Diamondbacks Prepare for Winter Meetings

Luke Carlin was outrighted off the 40-man (AP)

The Arizona Diamondbacks have removed two players from their 40-man roster to make room for acquisitions during the upcoming winter meetings and Rule 5 draft. The team is looking to add a #4 starter and a veteran position player, but have surprisingly not expressed the need for another arm in the bullpen.

Josh Byrnes' first trade as the Diamondbacks' general manager came at the 2005 winter meetings -- Johnny Estrada was obtained from Atlanta for Lance Cormier and Oscar Villarreal -- and Byrnes and his staff have been occupied in volleying roster makeup and potential deals in preparation for this year's meetings, which begin December 7 in Indianapolis.

That being said, the debt-ridden D-backs are unlikely to do much.

"We'd like to add a starting pitcher. With (Dan) Haren, (Brandon) Webb and (Max) Scherzer, we think we have a good three-fifths of a rotation," Byrnes said. "We'd like to add a reliever with experience. We'd like to add a position player, although we are not sure who it could be. We have a lot of versatility -- we have a lot of players who can play a lot of different positions."

Free agent Randy Wolf, who had been courted twice in the last three seasons by the D-backs, was 11-7 with a 3.23 ERA with a career-low 1.01 WHIP with the Dodgers last season, and he would seem an ideal fit. But his 2009 success likely made him too expensive for the cost-conscious D-backs, who already are obligated to pay $27.75 million -- more than one-third of their projected 2010 payroll -- to Haren, Webb and outfielder Eric Byrnes.  Wolf is also a Type-A free agent, meaning that the Diamondbacks would need to surrender their second-round draft pick in order to obtain him.

But free agent pitcher Jon Garland could be on the D-backs' wish again this winter. Garland signed with them last offseason before being traded to the Dodgers on August 31 for Arizona's likely 2010 second baseman, Tony Abreu. Garland made $9.75 million last year -- $7.25 in salary and $2.5 million when the Dodgers declined his 2010 option. He went 11-13 with a 4.01 ERA overall.

Byrnes characterized the odds as 50-50 as to whether the D-backs' fourth starter would come via trade or free agency.

The D-backs attempted to trade catcher Chris Snyder to Toronto for Lyle Overbay earlier this winter, but the Blue Jays balked. Snyder is on the block and is the most likely D-back to be traded after the emergence of catcher Miguel Montero last season, but it is unlikely that he alone would be enough to return a #4 starter.

Brandon Lyon, a likely bullpen target, was offered arbitration by Detroit and has until December 7 to accept. Lyon is a Type B free agent, so if he hits the open market, his new team would not be on the hook for a draft pick.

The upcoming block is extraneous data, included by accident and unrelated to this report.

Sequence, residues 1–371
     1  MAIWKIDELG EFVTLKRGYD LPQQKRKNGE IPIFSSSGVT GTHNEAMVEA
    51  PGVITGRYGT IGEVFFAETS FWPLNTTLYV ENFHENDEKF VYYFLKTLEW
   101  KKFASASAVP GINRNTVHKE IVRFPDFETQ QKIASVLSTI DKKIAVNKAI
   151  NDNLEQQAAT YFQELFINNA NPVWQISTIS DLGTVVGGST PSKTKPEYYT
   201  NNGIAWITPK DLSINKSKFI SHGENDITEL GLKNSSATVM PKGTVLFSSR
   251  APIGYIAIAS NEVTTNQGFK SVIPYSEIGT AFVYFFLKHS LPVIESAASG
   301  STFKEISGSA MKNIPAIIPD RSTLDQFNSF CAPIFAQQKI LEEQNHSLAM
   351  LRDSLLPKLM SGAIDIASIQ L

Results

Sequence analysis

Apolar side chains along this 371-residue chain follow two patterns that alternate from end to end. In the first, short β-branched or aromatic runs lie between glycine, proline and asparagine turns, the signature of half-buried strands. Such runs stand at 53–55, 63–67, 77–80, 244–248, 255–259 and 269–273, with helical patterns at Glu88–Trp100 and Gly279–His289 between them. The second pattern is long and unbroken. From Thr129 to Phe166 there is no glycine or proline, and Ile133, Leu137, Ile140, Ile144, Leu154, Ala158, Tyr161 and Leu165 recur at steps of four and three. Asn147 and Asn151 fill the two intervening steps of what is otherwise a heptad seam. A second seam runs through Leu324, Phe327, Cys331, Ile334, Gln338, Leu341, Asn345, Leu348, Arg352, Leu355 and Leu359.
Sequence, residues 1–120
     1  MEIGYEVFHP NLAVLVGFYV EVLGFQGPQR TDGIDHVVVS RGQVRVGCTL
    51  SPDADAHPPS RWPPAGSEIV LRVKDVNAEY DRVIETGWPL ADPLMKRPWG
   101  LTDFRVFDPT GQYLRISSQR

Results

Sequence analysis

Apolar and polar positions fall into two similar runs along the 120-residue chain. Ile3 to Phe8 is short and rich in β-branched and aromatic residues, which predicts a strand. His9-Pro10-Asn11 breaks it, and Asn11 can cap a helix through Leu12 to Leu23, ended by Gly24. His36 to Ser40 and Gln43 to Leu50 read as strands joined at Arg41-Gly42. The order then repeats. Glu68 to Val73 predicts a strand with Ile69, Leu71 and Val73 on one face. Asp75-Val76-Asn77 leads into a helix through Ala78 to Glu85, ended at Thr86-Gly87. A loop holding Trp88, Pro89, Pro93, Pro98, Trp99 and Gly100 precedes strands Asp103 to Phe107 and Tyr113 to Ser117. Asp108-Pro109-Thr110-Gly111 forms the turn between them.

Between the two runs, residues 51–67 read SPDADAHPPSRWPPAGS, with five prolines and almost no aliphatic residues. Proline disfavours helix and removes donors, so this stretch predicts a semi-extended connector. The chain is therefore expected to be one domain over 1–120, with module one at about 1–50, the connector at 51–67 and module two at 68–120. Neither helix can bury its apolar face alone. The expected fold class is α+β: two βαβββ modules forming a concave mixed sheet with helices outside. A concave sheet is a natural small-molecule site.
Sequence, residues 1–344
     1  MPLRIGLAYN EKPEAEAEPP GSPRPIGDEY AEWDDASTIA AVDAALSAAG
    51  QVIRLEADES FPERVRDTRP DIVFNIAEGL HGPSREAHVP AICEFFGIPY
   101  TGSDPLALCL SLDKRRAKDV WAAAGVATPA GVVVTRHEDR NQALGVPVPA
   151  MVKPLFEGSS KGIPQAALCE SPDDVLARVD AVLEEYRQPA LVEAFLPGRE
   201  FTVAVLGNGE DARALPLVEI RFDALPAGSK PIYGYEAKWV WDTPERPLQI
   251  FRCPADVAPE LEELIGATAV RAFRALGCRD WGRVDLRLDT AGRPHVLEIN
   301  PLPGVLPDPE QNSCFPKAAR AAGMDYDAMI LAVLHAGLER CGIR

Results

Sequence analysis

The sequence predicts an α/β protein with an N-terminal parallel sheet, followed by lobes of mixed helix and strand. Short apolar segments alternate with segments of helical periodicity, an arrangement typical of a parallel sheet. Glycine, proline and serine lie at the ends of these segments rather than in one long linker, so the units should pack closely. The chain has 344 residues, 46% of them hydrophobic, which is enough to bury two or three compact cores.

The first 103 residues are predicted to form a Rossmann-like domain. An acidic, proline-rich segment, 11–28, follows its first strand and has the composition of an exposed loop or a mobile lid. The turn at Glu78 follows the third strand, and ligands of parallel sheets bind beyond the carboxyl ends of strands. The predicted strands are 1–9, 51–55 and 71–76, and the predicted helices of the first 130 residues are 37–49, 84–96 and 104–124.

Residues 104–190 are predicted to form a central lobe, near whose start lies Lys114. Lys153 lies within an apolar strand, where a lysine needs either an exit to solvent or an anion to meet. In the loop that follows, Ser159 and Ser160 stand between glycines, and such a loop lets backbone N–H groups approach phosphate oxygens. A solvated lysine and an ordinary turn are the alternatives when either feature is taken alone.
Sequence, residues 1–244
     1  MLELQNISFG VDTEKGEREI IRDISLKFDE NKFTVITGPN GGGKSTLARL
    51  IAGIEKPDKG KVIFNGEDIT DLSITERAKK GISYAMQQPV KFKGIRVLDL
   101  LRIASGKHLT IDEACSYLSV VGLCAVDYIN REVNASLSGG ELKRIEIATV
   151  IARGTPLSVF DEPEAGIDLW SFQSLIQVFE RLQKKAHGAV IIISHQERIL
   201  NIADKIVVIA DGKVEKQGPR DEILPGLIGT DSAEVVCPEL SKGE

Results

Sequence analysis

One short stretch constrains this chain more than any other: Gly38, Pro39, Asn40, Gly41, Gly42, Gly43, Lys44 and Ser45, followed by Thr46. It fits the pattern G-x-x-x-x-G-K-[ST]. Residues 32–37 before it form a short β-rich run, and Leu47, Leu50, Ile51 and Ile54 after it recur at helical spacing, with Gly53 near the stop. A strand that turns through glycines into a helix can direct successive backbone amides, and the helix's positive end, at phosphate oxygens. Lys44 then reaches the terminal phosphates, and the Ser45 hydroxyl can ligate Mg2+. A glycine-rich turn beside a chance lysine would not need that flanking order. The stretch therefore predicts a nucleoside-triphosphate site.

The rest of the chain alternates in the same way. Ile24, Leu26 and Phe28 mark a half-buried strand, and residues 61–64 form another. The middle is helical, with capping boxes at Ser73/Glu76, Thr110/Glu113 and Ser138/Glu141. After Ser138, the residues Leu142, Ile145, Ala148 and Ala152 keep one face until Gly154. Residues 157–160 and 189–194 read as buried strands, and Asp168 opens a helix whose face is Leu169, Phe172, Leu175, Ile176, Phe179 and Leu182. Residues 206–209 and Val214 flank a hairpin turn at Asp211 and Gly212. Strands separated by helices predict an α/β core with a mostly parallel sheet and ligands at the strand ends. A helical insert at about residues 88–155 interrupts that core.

SNAKE BYTES

--The Diamondbacks went to the December 1 deadline before deciding against offering arbitration to LHP Doug Davis, lest he accept. Davis made $8.75 million while going 9-14 with a 4.12 ERA last year. Late in the regular season, the D-backs offered Davis a one-year deal, and the Davis camp came back with a three-year proposal, but neither side moved. The D-backs made a similar determination on OF Adam Dunn after the 2008 season, then failed to offer arbitration because they feared a sagging economy would made it likely that Dunn would accept. Dunn made $13 million in 2008; he signed a two-year, $20 million free agent deal with Washington following that season.

--As expected, 3B/1B Chad Tracy, who spent his entire career with the D-backs, was not offered salary arbitration. Tracy, who was bothered by injuries much of the last three seasons, hit .237 with 15 doubles, eight home runs, and 39 RBI in 257 at-bats in 2009. He is second in franchise history with 153 doubles, third with 704 games, and fourth in hits (654), RBI (318), and at-bats (2,338) after being promoted early in the 2004 season.

--LHP Scott Schoeneweis was not offered arbitration. Schoeneweis' wife, Gabrielle, was found dead in the couple's suburban Phoenix home on May 20, and Schoeneweis subsequently spent time on the bereavement list and on the disabled list for depression, finishing his first season with the D-backs at 1-2 with a 7.12 ERA. Gabrielle Schoeneweis was found to have died from an overdose of cocaine and the anesthetic lidocaine, an appellate court disclosed December 2. The three-judge Court of Appeals reported the cause of death, which Schoeneweis filed suit to bar, in a ruling over whether an autopsy report and other records must be disclosed under Arizona public records law.

--C Luke Carlin and RHP Kyler Newby were outrighted to Class AAA Reno on December 3. The move cleared two spots on the 40-man roster in advance of the winter meetings and the Rule 5 draft.

--Brett Butler will return as manager at Class AAA Reno after being interviewed for a major league coaching position with Florida. Butler was a candidate to become third base coach with the Marlins, who instead chose Josue Espada. Butler, a 17-year major league outfielder who was the D-backs' first base coach in 2005, was not interviewed for either D-backs' coaching vacancy this fall, when the team added Bo Porter as the third base coach and Matt  Williams as first base coach. "If I can't be in the big leagues, there is no better place to be," Butler told a Reno newspaper. Reno went 79-64 in its inaugural season.

DIAMOND STAT:
7 - Number of starting first basemen the Diamondbacks used this year

QUOTABLE:
"As always, we've been working for several weeks on (trade opportunities at) the winter meetings. There is added intensity because everyone is there, but it's hard to predict timing." -- GM Josh Byrnes, on the likelihood of making a deal at the winter meetings.
 


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